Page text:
I really like your essay! It wasn't at all boring even though it's long. I love that you wrote in your own voice; you really know how to express yourself through writing. But I didn't realize you were talking about atheism until after i read your post-essay comment. I guess I should have known when you mentioned your grandma brought home a medicine-man.

Yeah, the only thing you need to do now is condense it. Maybe you could cut off a little about your family?

Oh, and thanks for commenting on my essay! I'll work on it:)
mikisuzuko 1 / 2  
Dec 7, 2011   #9
I really love your essay. The metaphor is really clever! I may just be dense, but it did not come across to me that you were talking about Atheism. As for your essay length, I suggest just cutting off some of the added bits of information.

For example:
My life under my parents' roof went on in this manner for over a year before I found that I couldn't put up with their condescending manner any longer. Things had actually gotten worse with time in some respects; my brother's taunts had become became more frequent. than ever before (he wouldn't even spare me in the shower)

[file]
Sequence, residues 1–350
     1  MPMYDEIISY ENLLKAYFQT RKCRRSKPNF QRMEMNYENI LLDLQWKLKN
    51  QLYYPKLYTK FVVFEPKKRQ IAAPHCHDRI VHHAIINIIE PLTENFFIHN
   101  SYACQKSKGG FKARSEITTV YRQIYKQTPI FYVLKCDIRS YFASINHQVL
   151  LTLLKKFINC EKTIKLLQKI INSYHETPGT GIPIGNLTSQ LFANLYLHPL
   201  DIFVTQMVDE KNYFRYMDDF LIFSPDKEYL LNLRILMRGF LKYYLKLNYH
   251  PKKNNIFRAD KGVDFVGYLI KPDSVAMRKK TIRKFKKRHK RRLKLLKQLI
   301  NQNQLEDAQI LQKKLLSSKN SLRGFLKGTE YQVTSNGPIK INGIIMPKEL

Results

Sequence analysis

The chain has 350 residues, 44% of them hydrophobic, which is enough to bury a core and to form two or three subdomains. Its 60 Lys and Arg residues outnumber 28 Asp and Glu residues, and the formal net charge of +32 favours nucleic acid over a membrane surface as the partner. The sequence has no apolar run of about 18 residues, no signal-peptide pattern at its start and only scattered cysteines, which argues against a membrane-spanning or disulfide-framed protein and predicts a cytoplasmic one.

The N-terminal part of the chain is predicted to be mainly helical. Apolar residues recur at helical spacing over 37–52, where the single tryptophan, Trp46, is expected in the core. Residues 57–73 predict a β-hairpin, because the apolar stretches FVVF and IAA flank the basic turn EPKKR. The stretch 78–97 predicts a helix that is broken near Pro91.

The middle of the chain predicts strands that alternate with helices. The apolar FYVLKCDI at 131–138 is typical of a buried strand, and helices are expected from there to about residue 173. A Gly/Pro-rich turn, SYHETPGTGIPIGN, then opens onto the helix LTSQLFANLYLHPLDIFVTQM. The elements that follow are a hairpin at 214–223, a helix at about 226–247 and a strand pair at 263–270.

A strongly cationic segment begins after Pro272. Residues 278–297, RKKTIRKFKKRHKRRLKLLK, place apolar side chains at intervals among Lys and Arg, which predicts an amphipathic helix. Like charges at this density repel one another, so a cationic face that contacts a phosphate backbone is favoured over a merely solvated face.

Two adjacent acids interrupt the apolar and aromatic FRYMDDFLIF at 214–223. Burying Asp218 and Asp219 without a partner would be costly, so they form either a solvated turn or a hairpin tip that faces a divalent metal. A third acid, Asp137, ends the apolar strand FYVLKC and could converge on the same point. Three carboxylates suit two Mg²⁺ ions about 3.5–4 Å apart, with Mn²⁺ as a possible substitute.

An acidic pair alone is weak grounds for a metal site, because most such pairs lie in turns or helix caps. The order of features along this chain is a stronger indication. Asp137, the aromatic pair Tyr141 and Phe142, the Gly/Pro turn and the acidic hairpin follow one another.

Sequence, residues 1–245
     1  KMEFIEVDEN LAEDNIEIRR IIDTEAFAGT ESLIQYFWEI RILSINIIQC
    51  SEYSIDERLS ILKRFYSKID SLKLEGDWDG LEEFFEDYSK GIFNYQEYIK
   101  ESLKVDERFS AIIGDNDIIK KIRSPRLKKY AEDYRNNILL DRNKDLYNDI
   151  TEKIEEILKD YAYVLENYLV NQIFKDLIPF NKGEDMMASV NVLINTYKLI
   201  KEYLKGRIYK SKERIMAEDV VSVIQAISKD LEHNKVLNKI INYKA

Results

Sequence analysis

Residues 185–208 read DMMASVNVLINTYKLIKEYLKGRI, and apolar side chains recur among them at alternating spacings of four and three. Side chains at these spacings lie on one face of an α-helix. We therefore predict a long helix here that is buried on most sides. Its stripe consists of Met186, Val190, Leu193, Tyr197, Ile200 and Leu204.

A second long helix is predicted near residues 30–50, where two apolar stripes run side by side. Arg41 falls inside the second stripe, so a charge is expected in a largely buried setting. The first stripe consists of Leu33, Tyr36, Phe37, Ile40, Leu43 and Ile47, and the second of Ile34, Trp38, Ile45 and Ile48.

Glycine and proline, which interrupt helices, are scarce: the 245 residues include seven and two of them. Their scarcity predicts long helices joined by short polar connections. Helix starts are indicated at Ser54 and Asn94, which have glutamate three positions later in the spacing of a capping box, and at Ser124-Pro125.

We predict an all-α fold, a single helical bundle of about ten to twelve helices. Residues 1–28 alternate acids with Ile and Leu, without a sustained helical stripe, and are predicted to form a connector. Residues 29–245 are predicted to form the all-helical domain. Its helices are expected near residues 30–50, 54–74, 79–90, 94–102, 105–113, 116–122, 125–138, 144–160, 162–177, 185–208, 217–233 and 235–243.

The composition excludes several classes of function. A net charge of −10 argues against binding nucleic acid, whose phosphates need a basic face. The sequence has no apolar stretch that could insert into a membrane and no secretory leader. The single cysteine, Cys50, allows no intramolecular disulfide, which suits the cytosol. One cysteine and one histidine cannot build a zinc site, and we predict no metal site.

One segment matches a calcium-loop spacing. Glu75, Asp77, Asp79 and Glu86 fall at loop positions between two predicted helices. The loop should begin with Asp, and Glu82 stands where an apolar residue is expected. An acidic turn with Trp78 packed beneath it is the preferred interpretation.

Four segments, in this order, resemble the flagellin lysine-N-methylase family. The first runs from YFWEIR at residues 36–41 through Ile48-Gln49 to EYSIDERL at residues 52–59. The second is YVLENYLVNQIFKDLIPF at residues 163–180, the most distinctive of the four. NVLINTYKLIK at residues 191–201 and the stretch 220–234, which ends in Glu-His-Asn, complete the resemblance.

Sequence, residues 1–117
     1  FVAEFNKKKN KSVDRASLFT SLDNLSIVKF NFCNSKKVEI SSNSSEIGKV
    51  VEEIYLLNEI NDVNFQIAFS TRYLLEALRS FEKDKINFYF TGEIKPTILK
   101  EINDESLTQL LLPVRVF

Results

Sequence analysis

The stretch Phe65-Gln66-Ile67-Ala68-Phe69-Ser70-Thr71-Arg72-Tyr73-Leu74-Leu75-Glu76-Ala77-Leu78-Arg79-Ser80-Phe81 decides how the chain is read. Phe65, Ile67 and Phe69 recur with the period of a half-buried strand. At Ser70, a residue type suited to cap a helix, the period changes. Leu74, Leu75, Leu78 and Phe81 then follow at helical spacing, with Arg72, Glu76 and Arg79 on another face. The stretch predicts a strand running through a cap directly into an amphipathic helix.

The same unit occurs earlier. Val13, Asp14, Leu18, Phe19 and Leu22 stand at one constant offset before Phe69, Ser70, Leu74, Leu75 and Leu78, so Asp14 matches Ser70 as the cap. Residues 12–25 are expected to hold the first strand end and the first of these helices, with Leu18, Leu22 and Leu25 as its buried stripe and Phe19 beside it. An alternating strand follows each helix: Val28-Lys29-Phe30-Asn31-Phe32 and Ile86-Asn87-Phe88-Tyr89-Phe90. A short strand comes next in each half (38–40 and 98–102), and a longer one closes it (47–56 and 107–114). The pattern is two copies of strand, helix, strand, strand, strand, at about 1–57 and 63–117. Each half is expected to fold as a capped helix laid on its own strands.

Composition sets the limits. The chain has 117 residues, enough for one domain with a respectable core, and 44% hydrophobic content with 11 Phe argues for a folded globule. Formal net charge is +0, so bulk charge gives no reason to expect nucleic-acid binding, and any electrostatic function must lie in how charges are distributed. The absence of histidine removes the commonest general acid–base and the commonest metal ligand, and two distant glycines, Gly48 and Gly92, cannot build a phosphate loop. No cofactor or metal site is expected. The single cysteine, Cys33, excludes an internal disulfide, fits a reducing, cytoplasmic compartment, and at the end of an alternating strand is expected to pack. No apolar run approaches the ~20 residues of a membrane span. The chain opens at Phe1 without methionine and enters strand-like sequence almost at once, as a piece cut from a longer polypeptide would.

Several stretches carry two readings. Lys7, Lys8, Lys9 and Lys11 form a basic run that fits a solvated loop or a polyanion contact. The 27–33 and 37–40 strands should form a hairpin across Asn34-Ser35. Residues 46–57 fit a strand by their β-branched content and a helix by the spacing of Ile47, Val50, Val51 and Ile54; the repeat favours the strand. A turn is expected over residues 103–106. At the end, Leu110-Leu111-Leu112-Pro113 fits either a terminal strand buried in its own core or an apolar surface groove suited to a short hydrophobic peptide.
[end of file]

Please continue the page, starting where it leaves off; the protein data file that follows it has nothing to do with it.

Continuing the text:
athai45 1 / 5  
Dec 7, 2011   #10
i don't think there's anything wrong with it except length. its a very inspiring story i think how you stood up for yourself and this will play a big role in you getting into your schools.

Alex Thai

PS: Thanks for looking at my essay.
Zachariah 1 / 1  
Dec 8, 2011   #11
To echo everyone else, your essay was very good. However, as the first commentor pointed out as did many others, the atheism metaphor doesn't show through. Without the phrases about the Mohawk being "of the devil," it could just as easily be a metaphor for choosing faith in a community of atheists, or choosing Hinduism just as easily as atheism.